As I come to realize that I have just five short months left before a new adventure, I’ve been thinking a lot about who I’ve spent my years with. And as I get ready to leave this group of friends to visit the others, all I can feel is gratitude. To have so much love from around the world. To know that I can turn to so many to receive all kinds of needs. To understand that I can be a different version of myself and still be loved for it. To find that I am open and lucky enough to be able to connect with so many souls. And to recognize that with time, I am changing for the better. How do I know all this? Because each time I come back to all of the people I love, no matter how long it’s been or how far I’ve gone, I never doubt that the love and connection and friendship remain.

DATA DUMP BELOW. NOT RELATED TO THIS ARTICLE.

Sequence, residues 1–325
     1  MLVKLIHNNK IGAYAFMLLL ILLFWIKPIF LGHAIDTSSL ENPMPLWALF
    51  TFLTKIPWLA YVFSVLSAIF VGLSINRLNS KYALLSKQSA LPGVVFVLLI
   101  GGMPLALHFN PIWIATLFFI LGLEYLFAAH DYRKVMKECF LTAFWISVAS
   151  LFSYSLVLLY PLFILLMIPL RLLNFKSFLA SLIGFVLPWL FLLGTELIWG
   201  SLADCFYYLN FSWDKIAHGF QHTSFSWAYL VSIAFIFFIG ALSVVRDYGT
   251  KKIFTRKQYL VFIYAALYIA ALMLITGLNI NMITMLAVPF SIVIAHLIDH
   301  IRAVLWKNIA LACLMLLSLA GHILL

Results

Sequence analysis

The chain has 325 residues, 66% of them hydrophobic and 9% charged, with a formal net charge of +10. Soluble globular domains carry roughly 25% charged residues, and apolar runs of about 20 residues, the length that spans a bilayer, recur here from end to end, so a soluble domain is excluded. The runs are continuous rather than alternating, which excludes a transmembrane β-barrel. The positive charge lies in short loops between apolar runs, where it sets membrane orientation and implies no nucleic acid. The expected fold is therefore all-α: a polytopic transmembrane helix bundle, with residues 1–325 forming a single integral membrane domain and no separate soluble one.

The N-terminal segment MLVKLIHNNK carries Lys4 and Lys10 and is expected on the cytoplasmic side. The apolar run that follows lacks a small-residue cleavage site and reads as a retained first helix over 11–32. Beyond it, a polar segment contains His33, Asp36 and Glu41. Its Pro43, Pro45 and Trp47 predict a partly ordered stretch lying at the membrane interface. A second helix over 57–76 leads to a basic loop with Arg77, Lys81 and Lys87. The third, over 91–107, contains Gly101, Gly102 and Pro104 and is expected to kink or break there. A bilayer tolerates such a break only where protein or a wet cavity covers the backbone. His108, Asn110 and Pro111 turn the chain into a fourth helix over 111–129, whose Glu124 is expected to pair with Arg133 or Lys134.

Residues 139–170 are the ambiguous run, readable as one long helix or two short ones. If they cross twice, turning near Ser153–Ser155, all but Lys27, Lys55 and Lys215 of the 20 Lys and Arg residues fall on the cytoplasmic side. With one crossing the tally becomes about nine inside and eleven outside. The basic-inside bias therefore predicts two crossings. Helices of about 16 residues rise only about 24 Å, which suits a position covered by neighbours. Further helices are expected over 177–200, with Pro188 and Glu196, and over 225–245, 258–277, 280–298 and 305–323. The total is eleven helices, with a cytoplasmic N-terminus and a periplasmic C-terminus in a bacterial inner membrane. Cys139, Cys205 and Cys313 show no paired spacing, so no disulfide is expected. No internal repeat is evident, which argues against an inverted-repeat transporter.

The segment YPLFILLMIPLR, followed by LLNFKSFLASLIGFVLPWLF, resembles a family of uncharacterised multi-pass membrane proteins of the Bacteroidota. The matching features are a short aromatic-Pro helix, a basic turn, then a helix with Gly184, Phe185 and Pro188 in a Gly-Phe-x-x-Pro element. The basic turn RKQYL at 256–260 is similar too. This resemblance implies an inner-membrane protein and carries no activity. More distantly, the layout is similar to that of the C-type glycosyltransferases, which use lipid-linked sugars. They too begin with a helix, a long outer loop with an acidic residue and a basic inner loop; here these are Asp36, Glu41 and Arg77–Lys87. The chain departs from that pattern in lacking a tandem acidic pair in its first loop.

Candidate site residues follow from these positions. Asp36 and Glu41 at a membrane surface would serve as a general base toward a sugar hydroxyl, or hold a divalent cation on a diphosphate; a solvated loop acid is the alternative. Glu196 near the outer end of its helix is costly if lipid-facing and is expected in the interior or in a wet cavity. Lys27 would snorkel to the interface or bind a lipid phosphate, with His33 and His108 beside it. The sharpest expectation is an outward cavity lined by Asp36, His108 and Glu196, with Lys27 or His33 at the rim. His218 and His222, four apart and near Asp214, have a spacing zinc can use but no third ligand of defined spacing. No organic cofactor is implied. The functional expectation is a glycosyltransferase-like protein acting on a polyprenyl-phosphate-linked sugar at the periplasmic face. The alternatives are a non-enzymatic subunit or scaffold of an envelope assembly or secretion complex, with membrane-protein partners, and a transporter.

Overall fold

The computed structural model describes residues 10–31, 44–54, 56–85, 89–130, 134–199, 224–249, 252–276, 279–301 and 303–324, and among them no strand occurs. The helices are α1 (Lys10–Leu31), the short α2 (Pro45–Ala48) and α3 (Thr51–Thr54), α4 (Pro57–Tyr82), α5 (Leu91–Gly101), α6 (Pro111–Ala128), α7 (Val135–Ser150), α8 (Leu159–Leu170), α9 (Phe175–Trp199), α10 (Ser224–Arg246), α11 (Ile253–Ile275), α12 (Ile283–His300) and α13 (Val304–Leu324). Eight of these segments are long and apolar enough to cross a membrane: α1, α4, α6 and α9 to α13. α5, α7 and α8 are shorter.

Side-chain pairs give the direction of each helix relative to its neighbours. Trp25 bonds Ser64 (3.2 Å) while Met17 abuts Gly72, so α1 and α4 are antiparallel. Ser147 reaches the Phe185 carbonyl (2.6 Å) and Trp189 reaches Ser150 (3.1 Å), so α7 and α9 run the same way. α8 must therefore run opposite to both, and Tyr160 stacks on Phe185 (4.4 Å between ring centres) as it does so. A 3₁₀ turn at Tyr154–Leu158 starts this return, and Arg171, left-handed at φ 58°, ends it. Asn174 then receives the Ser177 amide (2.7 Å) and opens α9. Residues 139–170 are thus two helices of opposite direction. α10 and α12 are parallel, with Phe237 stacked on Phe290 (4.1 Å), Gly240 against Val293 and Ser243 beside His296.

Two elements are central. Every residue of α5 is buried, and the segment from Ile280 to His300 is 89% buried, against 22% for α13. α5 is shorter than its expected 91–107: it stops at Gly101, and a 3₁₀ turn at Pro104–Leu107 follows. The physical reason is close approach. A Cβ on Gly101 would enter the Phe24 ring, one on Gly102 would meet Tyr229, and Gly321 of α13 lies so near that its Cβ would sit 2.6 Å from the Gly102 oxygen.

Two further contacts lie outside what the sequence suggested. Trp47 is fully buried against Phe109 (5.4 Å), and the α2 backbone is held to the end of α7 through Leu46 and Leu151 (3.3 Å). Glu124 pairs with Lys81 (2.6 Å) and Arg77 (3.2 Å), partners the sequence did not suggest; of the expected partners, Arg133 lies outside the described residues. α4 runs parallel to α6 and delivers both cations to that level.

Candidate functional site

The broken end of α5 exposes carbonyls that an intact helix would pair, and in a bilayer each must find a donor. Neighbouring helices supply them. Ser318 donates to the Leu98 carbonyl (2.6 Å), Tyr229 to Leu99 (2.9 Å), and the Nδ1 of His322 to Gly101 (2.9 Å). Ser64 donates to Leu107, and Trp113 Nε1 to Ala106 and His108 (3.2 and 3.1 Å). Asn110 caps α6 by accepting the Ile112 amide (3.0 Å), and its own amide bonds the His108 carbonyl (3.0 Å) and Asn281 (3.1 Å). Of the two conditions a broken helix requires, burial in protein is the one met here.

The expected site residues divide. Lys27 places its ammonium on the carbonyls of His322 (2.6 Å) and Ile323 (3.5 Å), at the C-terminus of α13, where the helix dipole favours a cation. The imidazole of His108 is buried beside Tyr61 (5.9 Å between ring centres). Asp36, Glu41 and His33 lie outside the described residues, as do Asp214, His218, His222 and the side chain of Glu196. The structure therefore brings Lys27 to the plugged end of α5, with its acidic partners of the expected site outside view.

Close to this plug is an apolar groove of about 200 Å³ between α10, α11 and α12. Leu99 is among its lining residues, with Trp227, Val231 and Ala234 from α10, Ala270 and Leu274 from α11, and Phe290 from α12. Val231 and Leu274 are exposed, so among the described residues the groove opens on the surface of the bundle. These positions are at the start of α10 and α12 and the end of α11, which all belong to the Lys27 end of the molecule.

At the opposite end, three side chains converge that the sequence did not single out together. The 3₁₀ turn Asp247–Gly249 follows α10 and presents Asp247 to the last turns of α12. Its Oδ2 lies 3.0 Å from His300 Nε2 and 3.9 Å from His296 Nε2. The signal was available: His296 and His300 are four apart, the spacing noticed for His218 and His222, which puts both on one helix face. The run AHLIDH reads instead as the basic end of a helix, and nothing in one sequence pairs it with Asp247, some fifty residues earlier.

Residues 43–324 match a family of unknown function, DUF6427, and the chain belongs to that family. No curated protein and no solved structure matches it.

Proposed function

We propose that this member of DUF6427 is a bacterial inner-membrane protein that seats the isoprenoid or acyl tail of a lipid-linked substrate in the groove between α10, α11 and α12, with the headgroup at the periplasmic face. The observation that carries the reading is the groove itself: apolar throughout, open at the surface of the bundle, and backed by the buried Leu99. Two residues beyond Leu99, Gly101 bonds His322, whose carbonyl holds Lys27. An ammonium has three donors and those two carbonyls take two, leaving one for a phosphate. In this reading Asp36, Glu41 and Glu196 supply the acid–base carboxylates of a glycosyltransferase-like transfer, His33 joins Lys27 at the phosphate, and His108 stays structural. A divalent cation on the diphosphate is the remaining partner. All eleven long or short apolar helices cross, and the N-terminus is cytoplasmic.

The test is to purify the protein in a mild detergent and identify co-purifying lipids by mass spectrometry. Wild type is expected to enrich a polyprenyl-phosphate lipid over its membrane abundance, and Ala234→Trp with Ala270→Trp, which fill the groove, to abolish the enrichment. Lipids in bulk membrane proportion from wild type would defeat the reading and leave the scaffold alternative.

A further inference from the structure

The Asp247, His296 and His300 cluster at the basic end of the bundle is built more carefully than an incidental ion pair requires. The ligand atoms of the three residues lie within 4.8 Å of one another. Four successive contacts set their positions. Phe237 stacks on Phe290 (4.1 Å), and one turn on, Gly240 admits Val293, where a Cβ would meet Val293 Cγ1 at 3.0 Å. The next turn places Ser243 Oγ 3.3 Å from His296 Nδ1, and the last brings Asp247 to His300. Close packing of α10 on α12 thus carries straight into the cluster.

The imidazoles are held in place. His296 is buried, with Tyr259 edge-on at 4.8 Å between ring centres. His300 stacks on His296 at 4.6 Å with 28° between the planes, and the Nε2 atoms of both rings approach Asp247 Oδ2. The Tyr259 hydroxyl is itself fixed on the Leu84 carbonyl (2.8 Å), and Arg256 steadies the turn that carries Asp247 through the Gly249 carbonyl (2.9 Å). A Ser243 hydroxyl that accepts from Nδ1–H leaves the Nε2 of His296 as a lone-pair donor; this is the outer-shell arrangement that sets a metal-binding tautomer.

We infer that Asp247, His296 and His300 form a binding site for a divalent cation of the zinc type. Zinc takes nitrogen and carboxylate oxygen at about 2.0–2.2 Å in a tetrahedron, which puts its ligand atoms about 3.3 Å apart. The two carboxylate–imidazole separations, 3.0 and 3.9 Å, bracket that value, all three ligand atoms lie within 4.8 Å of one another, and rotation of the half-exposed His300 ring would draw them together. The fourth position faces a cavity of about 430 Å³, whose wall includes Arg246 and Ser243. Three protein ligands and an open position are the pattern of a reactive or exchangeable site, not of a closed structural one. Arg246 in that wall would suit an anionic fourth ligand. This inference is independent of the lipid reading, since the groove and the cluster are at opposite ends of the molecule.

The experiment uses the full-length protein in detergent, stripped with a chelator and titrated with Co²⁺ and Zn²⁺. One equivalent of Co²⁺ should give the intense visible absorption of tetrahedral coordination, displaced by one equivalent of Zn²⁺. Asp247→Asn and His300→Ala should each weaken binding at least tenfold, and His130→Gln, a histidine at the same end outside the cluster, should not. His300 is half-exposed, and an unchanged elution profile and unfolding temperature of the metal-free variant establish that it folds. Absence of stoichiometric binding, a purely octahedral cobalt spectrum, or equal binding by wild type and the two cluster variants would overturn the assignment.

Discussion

Words of Wander Wisdom

I wrote the following words on a bus in Costa Rica three months ago. At the time, I was addressing aspiring travelers and readers of our #WanderOurWorld series. Looking back, I think I was writing it for myself.

As I settle into this new life in South Korea, I am taking my own advice to heart. I hope you do too.

Advice For The Road

Fill yourself with gratitude. Let it in and let it out. And only put out into this world what you would want to let in. Look around. Look everywhere, and look often. Look in dark places—sometimes that’s where you find the light you need. Remember what surrounds you. Keep it as long as you can. Listen to the stories from those who you encounter, and share yours in return.

Feel the sunshine, the cold, the warmth, and feel the pain and life and beauty around you. Feel yourself change. Feel your heart grow. Expect to be lost at times. Stay humble. Keep in touch. Write. Write. Write. Write all the time. Later on, thank yourself for taking the time to write. Watch the sun rise and set as many times as you can. Pretend you’ll be in this moment forever.